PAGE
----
We’re already nicknamed Hollywood North for our booming film industry, but Vancouver is also looking to form its own, smaller version of the famous luxury retail quarter in Los Angeles.
Vancouver’s facelift to make Alberni and Thurlow streets a luxury row is halfway complete and will encompass a two-block stretch — stuffing Burrard to Bute streets with high-end retailers for Asian-driven money to be spent on expensive designer product.
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Already opened retailers include global diamond mining company De Beers and New York-based designer Tory Burch, with rumoured fashion royalty brands like Prada, Gucci and Chanel in tow. French designer Christian Dior will also house its first free-standing clothing boutique in Canada inside the Hotel Vancouver.
The vision for Vancouver’s Alberni Street is to become a major upscale fashion hub, not unlike the two-mile stretch in Los Angeles known as Rodeo Drive. Vancouver’s version will be only two blocks long but the revitalization of making this downtown Vancouver neighbourhood upscale is just the beginning.
The Alberni facelift adds on to Vancouver’s fashion revolution which includes the Nordstrom flagship store that’s moving in to the former Sears Building on Robson which anchors the south end of Pacific Centre. They will also be joining a trio of existing luxury purse stores Hermès, Coach and Louis Vuitton that are a mainstay of the strip at the end of Burrard Street with Burberry and Escada bookending the block at the end of Thurlow.
Tiffany & Co. — one of the Alberni Street Plaza’s best-performing stores — is also in the mix, occupying the corner of Alberni and Burrard.
Charles Gauthier, President of the Downtown Vancouver Business Improvement Association (DVBIA), says that, “It’s a street-level experience that I think people really crave in the downtown area. Alberni Street has the potential to become something that we’ve never seen before.”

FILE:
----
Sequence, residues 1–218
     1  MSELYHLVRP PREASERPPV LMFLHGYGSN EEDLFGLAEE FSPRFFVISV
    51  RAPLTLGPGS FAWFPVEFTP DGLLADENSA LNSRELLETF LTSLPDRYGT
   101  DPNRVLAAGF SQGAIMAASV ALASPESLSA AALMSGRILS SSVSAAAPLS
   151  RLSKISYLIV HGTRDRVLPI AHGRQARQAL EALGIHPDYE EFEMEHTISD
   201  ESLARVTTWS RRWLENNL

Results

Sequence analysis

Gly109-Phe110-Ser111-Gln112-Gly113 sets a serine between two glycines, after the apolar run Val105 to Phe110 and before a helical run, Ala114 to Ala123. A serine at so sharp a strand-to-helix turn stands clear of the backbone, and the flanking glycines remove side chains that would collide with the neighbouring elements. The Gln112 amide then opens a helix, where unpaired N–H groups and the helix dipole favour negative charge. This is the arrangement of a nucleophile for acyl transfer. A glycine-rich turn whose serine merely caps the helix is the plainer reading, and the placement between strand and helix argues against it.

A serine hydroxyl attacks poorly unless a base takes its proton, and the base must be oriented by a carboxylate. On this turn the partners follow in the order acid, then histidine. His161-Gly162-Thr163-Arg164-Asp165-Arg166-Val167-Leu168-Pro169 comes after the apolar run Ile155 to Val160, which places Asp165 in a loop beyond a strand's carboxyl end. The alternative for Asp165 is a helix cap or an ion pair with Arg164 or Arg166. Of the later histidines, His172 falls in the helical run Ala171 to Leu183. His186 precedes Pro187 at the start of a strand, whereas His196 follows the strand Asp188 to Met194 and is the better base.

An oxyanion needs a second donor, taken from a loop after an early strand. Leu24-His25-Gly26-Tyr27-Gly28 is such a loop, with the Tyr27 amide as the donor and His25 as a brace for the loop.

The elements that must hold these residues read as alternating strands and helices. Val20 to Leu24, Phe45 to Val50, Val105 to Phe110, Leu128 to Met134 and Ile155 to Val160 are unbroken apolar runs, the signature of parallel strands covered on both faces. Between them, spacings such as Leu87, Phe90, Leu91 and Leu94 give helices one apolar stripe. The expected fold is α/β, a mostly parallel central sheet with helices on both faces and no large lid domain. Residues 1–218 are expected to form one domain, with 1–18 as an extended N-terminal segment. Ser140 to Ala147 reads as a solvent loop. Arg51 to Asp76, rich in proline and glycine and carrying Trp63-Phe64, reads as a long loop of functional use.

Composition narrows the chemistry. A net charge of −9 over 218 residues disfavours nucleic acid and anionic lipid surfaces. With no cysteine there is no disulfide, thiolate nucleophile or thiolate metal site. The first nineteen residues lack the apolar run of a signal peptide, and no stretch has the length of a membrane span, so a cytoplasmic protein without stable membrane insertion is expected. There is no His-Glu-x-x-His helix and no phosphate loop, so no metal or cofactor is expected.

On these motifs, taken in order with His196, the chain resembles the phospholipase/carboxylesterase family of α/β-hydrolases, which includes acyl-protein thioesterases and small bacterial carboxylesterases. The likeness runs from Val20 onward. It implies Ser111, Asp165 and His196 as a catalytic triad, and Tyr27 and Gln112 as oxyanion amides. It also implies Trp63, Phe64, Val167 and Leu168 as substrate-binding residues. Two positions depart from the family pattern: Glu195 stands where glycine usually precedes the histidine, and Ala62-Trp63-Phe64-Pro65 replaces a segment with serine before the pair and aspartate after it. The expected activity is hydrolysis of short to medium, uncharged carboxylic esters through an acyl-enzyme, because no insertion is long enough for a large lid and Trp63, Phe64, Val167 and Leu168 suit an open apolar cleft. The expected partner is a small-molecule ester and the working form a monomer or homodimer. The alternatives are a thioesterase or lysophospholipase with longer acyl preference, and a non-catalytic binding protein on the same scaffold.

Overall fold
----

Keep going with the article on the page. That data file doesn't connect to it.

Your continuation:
“We have a segment of our population that has that kind of disposable income. But, at the same time, the luxury brands are quite aware that they need to offer introductory items to gain the kind of customer that maybe now doesn’t have the high income but maybe later down the road will.”
Gauthier says that the other consumer that will drive the luxury neighbourhood will be Asian tourists.
Unfortunately, this upscale facelift also means that already sky-high rents will become unaffordable for small businesses and the smaller collection of shops and restaurants that once occupied these streets are being pushed out.
The last business to vacate the building that Concord Pacific Ltd. purchased six years ago was the basement level Dollar Tree Canada store. A 7-Eleven and community college that once occupied the second floor of the building have also been pushed out.
Gauthier says that those are individual property owner decisions, however, and that the DVBIA has no say in determining or creating a universal luxury aesthetic for the neighbourhood.
Image Source: City of Vancouver